|It's only rocket science
By Bill May. The Journal Record, 6/18/01.
A $50 million rocket-launching project is expected to move into western Oklahoma as soon as financing can be arranged, according to the president of TGV Rockets.
Pat Bahn, company president and founder, has been enticed to Oklahoma because of incentives for space companies passed in the waning days of the last legislative session.
Plans are to build a rocket that will reach the edges of space - about 300,000 feet high - take pictures and come straight back down. These images would be sold to several industries, Bahn said during a telephone interview from his Bathesda, Md., office.
"It may not seem like much, but the imaging industry has a multibillion-dollar market right now and it's growing," he said.
TVG plans to establish its headquarters in Oklahoma City, with engineering and assembly operations offices in one of the cities with a major university. After the rocket is assembled, it would be transferred to the launch site via truck, where the payload would be attached.
No more than 30 employees would be required. Bahn said all would be in high-paying jobs.
"We will qualify for the quality jobs assistance with the minimum payroll at $1 million," he said. "That won't bother us, for $1 million will only pay for about 15 employees."
Bahn said TGV would buy as many of its parts and supplies from Oklahoma companies as possible.
"I'm also going to encourage our core vendors to move to western Oklahoma and utilize Oklahoma companies as much as they can," he said.
Western Oklahoma is "probably one of the best" places in the United States for a launch site, as far as his company is concerned, Bahn said.
"You are almost the center of the United States. From there, we can see (the camera) all the way from near the Canadian border to the Gulf of Mexico and from the Rockies to the Appalachians."
When TGV gets started, Bahn said the firm would have most of its operations in Oklahoma, though it will need regional bases to cover the East and West coasts.
"As technology improves and our cameras can see further, then we'll consolidate into Oklahoma," he said.
Bahn, who started his career in the computer industry, is taking a different tack in building a company based on rocketry.
"In the computer industry, an original equipment manufacturer will buy this piece from one company, this piece from another and still another piece from another company," he said. "The company will engineer some original components, then go out to the components makers, explaining what is needed.
"That's how new technology is developed in the computer industry - a lot of little companies advancing the technology for each component and someone bringing it all together so that it works properly."
His goal, he said, was not to develop new technology, but find a less expensive, reliable, method for launching rockets.
"We are simply trying to find the best components on the market, put them together in a different way and build from there," he said.
This way, Bahn said he is able to keep start-up costs under $50 million, an amount that he can raise through capital venture funds.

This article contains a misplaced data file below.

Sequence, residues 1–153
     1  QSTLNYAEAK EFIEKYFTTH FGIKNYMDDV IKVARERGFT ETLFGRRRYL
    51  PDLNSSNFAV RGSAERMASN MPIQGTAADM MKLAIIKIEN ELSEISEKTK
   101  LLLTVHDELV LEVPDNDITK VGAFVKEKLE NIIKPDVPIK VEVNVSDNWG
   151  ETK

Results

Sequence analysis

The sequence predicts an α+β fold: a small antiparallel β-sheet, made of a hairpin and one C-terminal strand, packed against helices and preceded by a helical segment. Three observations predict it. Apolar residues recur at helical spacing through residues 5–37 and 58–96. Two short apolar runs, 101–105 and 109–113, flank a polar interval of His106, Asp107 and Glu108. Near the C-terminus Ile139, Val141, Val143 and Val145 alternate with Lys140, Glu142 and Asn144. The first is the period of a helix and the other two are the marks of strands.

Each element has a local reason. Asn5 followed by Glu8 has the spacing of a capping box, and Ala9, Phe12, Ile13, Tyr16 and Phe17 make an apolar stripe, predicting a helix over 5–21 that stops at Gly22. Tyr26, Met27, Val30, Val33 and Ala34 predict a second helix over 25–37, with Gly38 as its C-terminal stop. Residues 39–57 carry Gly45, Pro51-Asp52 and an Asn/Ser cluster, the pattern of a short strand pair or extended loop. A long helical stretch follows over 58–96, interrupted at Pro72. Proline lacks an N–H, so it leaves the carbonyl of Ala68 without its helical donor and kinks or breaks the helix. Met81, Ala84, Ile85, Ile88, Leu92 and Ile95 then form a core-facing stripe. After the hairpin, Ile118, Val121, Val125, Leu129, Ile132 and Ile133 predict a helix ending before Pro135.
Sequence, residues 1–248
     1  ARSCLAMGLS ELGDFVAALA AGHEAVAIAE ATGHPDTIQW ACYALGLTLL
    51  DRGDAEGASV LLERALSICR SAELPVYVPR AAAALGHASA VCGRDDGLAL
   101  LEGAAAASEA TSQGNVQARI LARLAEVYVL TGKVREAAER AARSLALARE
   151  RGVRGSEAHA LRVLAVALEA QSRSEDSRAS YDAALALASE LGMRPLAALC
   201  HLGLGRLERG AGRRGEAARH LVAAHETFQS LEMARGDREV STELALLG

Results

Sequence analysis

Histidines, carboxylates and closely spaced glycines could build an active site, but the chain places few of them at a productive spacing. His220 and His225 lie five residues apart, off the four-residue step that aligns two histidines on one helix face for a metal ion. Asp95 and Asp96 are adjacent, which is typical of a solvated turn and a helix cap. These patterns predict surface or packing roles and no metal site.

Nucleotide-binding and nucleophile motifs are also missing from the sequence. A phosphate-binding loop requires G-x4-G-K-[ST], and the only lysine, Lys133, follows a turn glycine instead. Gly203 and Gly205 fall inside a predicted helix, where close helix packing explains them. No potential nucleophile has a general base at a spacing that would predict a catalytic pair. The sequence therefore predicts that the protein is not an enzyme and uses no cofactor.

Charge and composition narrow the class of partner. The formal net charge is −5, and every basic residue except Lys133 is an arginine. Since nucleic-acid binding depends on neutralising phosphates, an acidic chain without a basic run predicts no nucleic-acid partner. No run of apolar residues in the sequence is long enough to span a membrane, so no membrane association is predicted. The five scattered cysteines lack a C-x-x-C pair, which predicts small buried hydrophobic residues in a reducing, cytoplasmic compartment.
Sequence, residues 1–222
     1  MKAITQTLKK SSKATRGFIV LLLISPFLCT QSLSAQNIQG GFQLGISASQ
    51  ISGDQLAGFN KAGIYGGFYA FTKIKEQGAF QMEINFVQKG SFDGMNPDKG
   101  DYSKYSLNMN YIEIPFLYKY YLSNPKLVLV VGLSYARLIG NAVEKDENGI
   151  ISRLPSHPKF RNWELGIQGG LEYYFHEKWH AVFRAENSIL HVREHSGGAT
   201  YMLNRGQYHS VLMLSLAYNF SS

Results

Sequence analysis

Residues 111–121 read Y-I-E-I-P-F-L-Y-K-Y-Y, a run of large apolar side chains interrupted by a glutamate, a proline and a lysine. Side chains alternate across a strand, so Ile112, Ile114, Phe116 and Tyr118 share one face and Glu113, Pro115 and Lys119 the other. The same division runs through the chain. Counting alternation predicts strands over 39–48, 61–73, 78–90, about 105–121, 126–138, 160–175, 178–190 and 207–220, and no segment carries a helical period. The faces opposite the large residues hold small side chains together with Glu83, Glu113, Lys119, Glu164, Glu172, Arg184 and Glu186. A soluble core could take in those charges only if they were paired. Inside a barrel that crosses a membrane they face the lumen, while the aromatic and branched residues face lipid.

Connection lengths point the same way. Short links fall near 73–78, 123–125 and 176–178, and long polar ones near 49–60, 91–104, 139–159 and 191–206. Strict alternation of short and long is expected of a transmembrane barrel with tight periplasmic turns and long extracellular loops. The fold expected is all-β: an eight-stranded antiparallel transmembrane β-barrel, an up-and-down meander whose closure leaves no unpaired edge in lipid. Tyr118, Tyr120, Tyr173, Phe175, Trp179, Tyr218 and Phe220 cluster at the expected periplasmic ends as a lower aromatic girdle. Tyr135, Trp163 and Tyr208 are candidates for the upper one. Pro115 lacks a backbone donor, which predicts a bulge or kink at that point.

"If we get too big, like the big aerospace companies, then we couldn't get it financed," he said.
This also cuts down on the technical risks, which cuts down on the chances of failure, he said.
Bahn pledged to keep all his operations in Oklahoma and to help build the state's space industry, because that will help his company.
"If we can get a lot of small companies building quality components out here, it will be cheaper for us," he said.
Another reason is more of a corporate philosophy, he said.
"If Oklahoma does everything for us that they say they will, then we'll do what we can for Oklahoma. We believe in supporting our friends. We help people who help us."
When he started trying to find financial backers, he approached Arthur Aubrey of York, Pa., who headed a venture capital fund in Baltimore.
"At first, he was lukewarm on the idea, especially having it based in Oklahoma. But then I convinced him to come out with me, meet all the people involved and see what was available. Since he had to do this in his due diligence, he agreed.
"He changed a lot after he got out there and met everyone and saw what was available and what the Oklahoma Space Industry Development Authority had planned. Now, even though he swears he's going to lose money on my deal, he's 100 percent behind it. He thinks this will give him entry into this market as well as Oklahoma."
Bahn admitted others within TGV Rockets are not convinced why they should move to Oklahoma.
"I promised them that if they would just move out here and give me three years, we could get the company up and running in that length of time," he said. "Then, if they still don't like Oklahoma, they will be free to find another job somewhere else. I don't think that any of them will want to go back, once they've lived in Oklahoma."
Bahn wouldn't be specific about locations or even the number of employees or size of his annual payroll. "We haven't down-selected all that yet," he said.
He's looking at three sites in western Oklahoma for launching, and both Norman and Stillwater for engineering and assembly operations.
"But we will be in Oklahoma. I promise you that," he said.